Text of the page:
In summary, treatment strategies to control mitochondrial dysfunction include improving the use of oxygen, ATP generation, electron flux transport system, oxidative stress, membrane integrity and a decrease in inflammatory and apoptotic signals [43]. All these therapies have a long way to go before being routinely recommended. A fundamental aspect of mitochondrial dysfunction is oxidative stress in sepsis, from an imbalance between the production of Reactive Oxygen Species (ROS) and antioxidant mechanisms [44]. Therefore makes sense to target an antioxidant therapy to balance this mismatch. However, it should be selective mitochondrial antioxidants since it has previously been found that a non-selective therapy is not useful [45]. This selective antioxidant therapy may be administered exogenously though compounds or endogenously by promoting the endogenous antioxidants [46].

MitoQ, MitoE and melatonin are known antioxidants and their administration in animal models with sepsis like states [endothelial damage with LPS induction, and PgG in mice] can diminish the cytokine response [47,48], they even showed an improvement in the mitochondrial respiration, improvement in oxidative stress and diminish of the levels of interlekin 6 compared with mice in the control group [49].

Finally it should be noted that in the sepsis induced mitochondrial dysfunction there is an increased production of nitric oxide, secondary to the induced form of the type II nitric oxide synthase [becoming another therapeutic target], and inhibiting the Neural isoform [NOS] so far with arguable results [50,51].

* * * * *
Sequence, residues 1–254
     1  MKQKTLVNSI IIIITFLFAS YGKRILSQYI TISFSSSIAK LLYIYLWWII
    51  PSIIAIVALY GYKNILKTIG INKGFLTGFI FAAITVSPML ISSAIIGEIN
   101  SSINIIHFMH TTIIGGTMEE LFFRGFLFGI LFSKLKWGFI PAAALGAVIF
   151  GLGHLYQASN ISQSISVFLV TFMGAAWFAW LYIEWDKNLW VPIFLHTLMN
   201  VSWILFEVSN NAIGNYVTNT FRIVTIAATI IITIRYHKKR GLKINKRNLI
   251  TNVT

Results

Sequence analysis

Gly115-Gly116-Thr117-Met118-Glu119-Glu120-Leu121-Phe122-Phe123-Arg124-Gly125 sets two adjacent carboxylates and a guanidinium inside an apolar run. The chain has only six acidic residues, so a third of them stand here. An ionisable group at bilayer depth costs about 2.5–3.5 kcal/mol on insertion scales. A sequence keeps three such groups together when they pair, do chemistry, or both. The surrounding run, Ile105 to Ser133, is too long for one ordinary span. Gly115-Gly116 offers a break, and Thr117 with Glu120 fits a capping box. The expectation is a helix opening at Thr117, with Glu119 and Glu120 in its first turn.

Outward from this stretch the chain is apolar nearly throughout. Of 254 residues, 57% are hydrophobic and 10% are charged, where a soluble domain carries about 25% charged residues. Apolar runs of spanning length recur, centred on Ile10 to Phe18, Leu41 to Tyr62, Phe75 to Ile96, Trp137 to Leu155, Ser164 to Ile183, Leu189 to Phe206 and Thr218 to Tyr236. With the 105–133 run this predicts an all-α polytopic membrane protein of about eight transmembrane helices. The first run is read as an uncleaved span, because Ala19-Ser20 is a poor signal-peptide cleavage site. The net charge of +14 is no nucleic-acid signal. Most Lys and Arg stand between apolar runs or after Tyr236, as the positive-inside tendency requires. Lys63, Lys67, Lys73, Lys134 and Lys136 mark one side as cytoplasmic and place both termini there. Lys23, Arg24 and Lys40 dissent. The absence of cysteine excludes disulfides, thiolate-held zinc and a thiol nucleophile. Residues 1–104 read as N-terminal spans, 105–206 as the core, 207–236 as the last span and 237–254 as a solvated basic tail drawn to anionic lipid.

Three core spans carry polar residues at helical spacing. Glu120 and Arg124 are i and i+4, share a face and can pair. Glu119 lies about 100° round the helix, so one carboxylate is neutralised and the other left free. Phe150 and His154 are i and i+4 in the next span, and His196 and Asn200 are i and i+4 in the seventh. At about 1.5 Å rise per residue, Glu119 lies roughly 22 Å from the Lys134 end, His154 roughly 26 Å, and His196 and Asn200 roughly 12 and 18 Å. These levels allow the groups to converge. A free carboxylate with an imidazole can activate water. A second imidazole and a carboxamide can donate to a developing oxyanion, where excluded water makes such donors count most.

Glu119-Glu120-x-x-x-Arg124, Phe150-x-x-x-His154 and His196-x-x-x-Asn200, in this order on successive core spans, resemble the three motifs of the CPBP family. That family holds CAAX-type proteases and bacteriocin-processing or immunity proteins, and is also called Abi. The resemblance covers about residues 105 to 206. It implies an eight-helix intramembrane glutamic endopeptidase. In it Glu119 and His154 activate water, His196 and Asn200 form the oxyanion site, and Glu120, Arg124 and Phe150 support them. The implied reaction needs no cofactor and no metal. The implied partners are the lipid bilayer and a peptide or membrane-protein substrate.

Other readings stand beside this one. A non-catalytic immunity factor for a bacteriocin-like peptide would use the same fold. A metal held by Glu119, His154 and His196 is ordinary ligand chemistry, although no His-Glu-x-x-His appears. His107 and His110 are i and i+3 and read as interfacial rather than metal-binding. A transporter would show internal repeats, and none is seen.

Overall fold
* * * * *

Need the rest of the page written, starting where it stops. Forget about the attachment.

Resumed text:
When comparing a selective inhibitor of the iNOS [the BYK191023] with norepinephrine in a sheep model with septic shock, there was an improved gas exchange, mesenteric blood flow, microcirculation, pulmonary artery pressure and lactate levels with the iNOS inhibitor, and even better results with both drugs combined in maintaining blood pressure and renal blood flow [52].

In case of lactic acidosis without evidence of DO2/VO2 disequilibrium the treating physician should think about other entities such as adrenergic agonism [beta 2 agonist inhaled or intravenous], hepatic failure, and other drugs [53].


Sepsis is a frequent and deadly disease, even more so in developing countries, the emergency physician must be one of the leaders of early recognition and management of this disease. The mechanism behind its high mortality is the local at first and then systemic hypoperfusion processes. This paper tries to propose an algorithm for the active search of laboratory signs of hypoperfusion, such as lactate, lactate/pyruvate index, central venous O2 saturation, and [p[cv-a]CO2], for the early detection of the hypoperfused patient before the clinical manifestations of the disease. Once recognized it should be discerned which is the variable compromising the tissue perfusion: O2 delivery, volume status, blood components, vasopressors or inotropes, and finally mitochondrial directed therapy.

All of this in order to resolve the disequilibrium between O2 offer and demand, and to diminish sepsis and septic shock related mortality.


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Citation: JCanoa JC, Jaramillo GD, Galvan EV (2013) Perfusion Measurement of the Septic Patient in the Emergency Department. Emergency Med 4:170.

Copyright: © 2013 Canoa JC, et al. This is an open-access article distributed under the terms of the Creative Commons Attribution License, which permits unrestricted use, distribution, and reproduction in any medium, provided the original author and source are credited.